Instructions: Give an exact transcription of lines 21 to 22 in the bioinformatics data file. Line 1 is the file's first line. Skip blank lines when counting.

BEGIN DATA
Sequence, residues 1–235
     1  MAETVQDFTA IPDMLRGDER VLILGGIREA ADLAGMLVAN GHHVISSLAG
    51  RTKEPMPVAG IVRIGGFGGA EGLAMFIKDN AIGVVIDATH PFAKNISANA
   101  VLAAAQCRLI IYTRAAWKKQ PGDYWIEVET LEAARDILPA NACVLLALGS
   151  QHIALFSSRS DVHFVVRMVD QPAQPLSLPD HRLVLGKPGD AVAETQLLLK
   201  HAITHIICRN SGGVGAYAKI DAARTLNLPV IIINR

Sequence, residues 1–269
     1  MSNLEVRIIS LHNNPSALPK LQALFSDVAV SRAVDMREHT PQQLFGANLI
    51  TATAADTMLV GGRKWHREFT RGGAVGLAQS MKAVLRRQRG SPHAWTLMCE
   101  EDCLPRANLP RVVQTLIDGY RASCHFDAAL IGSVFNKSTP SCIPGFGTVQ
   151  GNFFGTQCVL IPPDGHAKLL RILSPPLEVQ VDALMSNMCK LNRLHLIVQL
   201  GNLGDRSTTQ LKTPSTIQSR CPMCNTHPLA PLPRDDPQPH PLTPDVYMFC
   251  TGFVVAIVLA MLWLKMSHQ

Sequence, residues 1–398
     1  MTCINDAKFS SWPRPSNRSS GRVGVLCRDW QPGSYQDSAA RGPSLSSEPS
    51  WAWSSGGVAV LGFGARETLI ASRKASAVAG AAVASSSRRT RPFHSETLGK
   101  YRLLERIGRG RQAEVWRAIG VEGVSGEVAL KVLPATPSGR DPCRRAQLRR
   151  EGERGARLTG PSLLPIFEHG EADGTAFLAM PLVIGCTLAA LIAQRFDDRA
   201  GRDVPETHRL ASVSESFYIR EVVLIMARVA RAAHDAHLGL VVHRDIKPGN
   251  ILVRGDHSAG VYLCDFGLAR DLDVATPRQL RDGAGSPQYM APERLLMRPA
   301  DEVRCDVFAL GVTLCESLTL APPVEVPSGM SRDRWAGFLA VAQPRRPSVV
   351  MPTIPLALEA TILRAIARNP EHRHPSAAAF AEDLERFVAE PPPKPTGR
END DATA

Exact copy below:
   301  DEVRCDVFAL GVTLCESLTL APPVEVPSGM SRDRWAGFLA VAQPRRPSVV
   351  MPTIPLALEA TILRAIARNP EHRHPSAAAF AEDLERFVAE PPPKPTGR